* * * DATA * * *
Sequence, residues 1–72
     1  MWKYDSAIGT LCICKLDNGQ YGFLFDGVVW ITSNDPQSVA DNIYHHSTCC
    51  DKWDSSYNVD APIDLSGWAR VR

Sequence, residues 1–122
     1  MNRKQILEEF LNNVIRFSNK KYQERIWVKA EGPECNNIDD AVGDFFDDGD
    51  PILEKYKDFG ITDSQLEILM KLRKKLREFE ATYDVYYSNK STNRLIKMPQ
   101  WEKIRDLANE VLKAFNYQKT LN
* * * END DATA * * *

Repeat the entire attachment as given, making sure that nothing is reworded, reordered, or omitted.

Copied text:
Sequence, residues 1–72
     1  MWKYDSAIGT LCICKLDNGQ YGFLFDGVVW ITSNDPQSVA DNIYHHSTCC
    51  DKWDSSYNVD APIDLSGWAR VR

Sequence, residues 1–122
     1  MNRKQILEEF LNNVIRFSNK KYQERIWVKA EGPECNNIDD AVGDFFDDGD
    51  PILEKYKDFG ITDSQLEILM KLRKKLREFE ATYDVYYSNK STNRLIKMPQ
   101  WEKIRDLANE VLKAFNYQKT LN